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The future of data privacy: confidential computing, quantum safe cryptography take center stage


Confidential computing, quantum safe cryptography, and fully homomorphic encryption are set to change the future of data privacy as they make their way from a hypothesis to viable commercial applications.

On Thursday, IBM Research hosted an online program exploring each of these technologies and how they could impact how we securely manage, encrypt, store, and transfer information — with each solving a different challenge posed by future data privacy concerns. Confidential computing

IBM has been working on confidential computing for roughly a decade. The concept behind the technology is to permit clients to retain full privacy and control over data and operational workloads through hardware-level security.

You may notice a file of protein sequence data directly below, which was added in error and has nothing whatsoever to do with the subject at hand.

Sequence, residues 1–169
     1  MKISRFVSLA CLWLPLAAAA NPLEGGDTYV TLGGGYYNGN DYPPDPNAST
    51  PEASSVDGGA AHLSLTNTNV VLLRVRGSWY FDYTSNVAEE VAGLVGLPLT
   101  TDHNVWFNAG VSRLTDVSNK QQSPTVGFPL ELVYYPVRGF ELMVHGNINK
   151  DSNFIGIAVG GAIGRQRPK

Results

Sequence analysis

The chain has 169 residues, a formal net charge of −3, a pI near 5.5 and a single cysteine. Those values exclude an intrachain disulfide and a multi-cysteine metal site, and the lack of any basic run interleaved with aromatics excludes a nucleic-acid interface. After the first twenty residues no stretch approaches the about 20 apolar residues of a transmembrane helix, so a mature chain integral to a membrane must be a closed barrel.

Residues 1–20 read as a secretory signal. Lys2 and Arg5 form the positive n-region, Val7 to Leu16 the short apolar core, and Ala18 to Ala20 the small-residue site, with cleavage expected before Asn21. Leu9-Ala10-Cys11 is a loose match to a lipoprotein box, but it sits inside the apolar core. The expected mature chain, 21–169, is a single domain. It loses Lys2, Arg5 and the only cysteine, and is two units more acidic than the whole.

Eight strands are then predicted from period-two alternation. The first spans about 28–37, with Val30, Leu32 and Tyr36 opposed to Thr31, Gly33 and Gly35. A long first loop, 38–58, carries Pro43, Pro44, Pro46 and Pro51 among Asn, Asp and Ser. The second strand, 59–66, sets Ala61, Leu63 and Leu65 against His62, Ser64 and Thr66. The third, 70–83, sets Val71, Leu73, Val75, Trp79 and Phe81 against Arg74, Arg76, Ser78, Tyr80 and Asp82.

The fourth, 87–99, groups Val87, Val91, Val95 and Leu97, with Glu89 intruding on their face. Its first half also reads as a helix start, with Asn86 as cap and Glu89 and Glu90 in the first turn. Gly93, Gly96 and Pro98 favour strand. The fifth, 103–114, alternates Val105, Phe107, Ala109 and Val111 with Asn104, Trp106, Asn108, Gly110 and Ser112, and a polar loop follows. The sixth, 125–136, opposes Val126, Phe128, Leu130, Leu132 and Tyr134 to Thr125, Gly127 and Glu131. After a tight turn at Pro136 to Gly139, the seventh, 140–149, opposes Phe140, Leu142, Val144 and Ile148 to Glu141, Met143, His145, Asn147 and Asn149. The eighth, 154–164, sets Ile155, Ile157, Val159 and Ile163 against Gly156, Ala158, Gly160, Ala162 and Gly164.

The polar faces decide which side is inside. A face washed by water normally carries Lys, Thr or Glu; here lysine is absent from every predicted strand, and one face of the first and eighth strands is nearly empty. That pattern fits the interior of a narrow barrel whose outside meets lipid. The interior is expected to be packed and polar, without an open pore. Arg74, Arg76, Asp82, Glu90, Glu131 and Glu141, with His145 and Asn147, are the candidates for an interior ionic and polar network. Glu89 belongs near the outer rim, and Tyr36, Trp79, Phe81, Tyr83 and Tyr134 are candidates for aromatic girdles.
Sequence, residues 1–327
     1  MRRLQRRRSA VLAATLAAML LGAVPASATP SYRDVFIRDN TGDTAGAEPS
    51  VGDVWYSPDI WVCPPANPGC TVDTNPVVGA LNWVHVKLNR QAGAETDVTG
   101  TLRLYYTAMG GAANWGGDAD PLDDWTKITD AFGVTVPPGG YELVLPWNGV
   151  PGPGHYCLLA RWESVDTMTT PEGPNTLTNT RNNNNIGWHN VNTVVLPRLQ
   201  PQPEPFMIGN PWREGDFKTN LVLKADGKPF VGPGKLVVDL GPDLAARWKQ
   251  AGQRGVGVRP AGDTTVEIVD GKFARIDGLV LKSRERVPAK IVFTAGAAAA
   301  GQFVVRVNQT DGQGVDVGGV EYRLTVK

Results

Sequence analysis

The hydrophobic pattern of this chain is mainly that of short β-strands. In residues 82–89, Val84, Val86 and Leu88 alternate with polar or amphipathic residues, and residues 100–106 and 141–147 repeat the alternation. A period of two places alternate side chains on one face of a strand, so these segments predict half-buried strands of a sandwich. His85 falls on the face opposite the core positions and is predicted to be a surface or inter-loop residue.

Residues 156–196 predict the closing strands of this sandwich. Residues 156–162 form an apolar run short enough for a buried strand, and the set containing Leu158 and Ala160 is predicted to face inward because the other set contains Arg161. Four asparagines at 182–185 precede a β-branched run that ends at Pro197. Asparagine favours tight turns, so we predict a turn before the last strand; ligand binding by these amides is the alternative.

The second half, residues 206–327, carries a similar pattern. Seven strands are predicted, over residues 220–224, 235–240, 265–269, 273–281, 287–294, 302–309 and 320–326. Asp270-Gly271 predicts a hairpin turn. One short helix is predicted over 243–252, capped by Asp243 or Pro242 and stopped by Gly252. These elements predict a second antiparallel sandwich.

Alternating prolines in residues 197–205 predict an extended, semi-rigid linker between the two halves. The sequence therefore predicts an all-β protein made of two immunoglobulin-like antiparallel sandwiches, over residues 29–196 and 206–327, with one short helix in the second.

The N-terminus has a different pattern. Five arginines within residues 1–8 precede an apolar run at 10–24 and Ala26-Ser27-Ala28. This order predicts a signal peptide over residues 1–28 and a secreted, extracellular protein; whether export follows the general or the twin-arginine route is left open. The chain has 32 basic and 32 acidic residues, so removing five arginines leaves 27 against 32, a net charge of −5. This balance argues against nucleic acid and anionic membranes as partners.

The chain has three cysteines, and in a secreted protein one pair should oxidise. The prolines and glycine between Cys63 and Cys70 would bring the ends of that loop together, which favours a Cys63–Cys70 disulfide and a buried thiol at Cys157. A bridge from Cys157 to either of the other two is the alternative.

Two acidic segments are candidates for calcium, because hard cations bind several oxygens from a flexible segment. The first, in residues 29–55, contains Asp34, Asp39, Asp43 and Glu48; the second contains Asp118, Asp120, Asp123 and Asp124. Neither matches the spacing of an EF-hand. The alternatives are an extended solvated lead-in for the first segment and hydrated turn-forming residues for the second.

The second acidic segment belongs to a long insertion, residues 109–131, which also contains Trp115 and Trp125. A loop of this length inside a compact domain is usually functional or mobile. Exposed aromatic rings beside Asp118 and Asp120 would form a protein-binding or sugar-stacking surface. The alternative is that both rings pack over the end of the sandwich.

This can include the implementation of “secure enclaves” — trusted execution environments — which can manage data and are only accessible through authorized programming code, keeping information away not only from cloud or infrastructure providers but also external threat actors.

IBM likens the technology to a hotel room safe, in which keycards are required to access the room, but further authorization is required to open the lock to the safe.

According to Hillery Hunter, VP and CTO at IBM Cloud, initial commercial applications of this technology are already embedded in financial services, telecoms, and healthcare offerings. […]

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